A female suicide bomber in the upscale Shiite neighborhood of Karrada in Baghdad struck a crowd that had gathered to receive Red Crescent aid, killing 31, including 8 police officers, and wounding 50.
To the northeast, near Muqdadiya, a suicide bomber hit a restaurant frequented by Shiite pilgrims from Iran on their way to the Shiite holy sites (Samarra, Kazimiya, Najaf, Karbala, etc.) in Iraq. That bombing killed at least 47 people and wounded 69, the bulk of them Iranians. The province of Baqubah, where the bombing took place, contains a mixed population of Sunni Arabs, Shiites and Kurds and is among the more violent places in Iraq, as the three groups continue to jockey for position and to mount low-intensity warfare against one another. Since Iran is a major support for Diyala’s Shiites, Sunni Arab guerrillas want to attack that lifeline, making sense of the killing of the Iranian pilgrims.
Actually, McClatchy says that the restaurant was so badly damaged that it collapsed, and many more bodies are likely to be pulled out of the rubble.
There have been 33 major bombings in Iraq in April.
Kim Gamel of AP gets the scoop– she reports that she has sprung from the Iraqi ministry of health the tabulated figures on violent deaths in Iraq since 2005. Altogether, combining the Iraqi list of over 87,000 death with tolls kept by other sources back to 2003, AP is estimating 110,000 dead by violence since the US invasion of Iraq began. This figure excludes guerrillas and militiamen whose fellow fighters did not want them going to an official morgue. The number is almost certainly only a fraction of the real deaths, which could number in the hundreds of thousands according to cluster surveys. Likewise, the AP number excludes those Iraqis killed by lack of potable water and other breakdowns in service delivery, including medical care, who are probably as numerous as those killed in violence.
Nir Rosen argues that the Sunni Arab guerrilla movement has decisively lost, with Baghdad having become a largely Shiite city that denies Sunni cells demographic cover, and that both Shiites and Sunnis now recognize this change. He says that al-Maliki can crack down on the Sunni “Awakening Councils” with impunity as a result.
I agree with Nir that the Sunni Arabs have lost the guerrilla war. However, that can have other outcomes than quiescence. Those who lose a guerrilla war often turn to terrorism as a force multiplier. The winter of the Sunni Arabs’ discontent could be a long one.
Al-Hayat reports in Arabic that Iraq’s reconciliation commission will decline to negotiation with the two large Baath cells of Izzat Ibrahim al-Duri and Muhammad Yunus al-Ahmad. These two are considered “Saddamist” under the terms of the Iraqi constitution, and so talking to them is a “red line” that the commission is unwilling to cross.
McClatchy reports political violence in Iraq for Thursday:
A suicide bomber wearing a suicide vest detonated near a gathering of National Police while they were distributing humanitarian aid in 52 Street, Karrada, central Baghdad Thursday. The explosion killed 28 people and injured 50 others.
A roadside bomb exploded near juvenile hall in Tobchi, central Baghdad injuring two civilians at 6 p.m.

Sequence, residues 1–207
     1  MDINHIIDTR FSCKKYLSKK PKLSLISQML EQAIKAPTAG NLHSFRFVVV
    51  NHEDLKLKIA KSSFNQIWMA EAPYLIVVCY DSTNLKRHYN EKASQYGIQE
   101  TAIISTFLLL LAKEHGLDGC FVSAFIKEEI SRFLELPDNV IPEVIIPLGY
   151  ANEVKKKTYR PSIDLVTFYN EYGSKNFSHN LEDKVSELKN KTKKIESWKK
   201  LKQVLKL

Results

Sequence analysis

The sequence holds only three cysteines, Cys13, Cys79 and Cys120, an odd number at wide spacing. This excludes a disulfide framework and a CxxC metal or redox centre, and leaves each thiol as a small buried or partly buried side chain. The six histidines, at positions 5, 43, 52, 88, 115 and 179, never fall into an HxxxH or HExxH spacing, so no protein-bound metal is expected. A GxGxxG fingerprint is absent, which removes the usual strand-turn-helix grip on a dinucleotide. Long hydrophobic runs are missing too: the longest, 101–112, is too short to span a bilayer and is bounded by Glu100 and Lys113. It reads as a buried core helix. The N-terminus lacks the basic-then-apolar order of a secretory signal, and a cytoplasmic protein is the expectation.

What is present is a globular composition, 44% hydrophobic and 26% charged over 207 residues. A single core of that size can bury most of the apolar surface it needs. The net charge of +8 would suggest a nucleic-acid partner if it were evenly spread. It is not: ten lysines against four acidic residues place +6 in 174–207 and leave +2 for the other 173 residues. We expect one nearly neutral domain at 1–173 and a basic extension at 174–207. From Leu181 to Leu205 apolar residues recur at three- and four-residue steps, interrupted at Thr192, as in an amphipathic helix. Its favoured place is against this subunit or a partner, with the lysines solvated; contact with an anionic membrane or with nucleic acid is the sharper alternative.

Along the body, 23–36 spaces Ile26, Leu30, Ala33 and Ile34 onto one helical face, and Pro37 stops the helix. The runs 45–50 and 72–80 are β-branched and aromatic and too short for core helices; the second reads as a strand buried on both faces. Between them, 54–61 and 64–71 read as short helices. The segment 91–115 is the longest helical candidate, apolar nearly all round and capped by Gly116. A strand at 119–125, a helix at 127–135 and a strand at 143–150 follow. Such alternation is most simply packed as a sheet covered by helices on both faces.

A suicide bomber wearing a suicide vest detonated in a roadside restaurant 45 km to the east of Baquba killing 55 people including two Iraqis, 16 women and one child; the rest were Iranian men and injuring 68 others at 2.30 p.m. Thursday. Most of the people in the restaurant were Iranian pilgrims on their way to visit the holy shrines in Karbala and Najaf.
Two houses belonging to displaced families from Timim tribe were blown up Thursday morning, the first in al Mualimeen neighbourhood, western Baquba and the other in Tahrir neighbourhood in east Baquba. The houses were empty and they belonged to two Shiite families who had intended to return.
Gunmen attacked and killed Sheikh Salih Mustafa Mohammed, sheikh of al Askar tribe in the marketplace in northeastern Baquba at 10 a.m. Thursday.
A roadside bomb targeted Mubarak Hammad al Obaidi, commander of Sahwa in Khalis county. The incident took place in al Atheim district, around 15 km to the north of Baquba Thursday evening. Obaidi and three of his aids were killed and two others were injured.
A suicide bomber wearing an explosive belt detonated inside al Khulafaa Mosque in Dhiluiyah district, 90 km to the south of Tikrit, Wednesday during evening prayers killing four worshipers, injuring 15 others amongst which was Yasir Mahmoud, brother of Mulla Nathum Mahmoud, head of Support Councils in Dhiluiyah.
A roadside bomb targeted an Iraqi Army patrol in al Zahraa neighbourhood, eastern Mosul, Thursday morning injuring two civilians
A parked car bomb targeted a U.S. military convoy in Suk al Nebi neighbourhood, eastern Mosul. No casualties were reported.
A gunman threw a hand grenade at a group of civilians in Ras al Jada neighbourhood, western Mosul injuring four.
A suicide bomber wearing an explosive belt attempted to get inside one of the headquarters of the Peshmerga (the Kurdish forces of the Kurdistan Democratic Party) in Barzan village to the northwest of Mosul Wednesday. The Peshmerga suspected him and shot at him, then he detonated without causing any casualties. A few minutes later a car bomb exploded some distance away injuring two Peshmerga members.’
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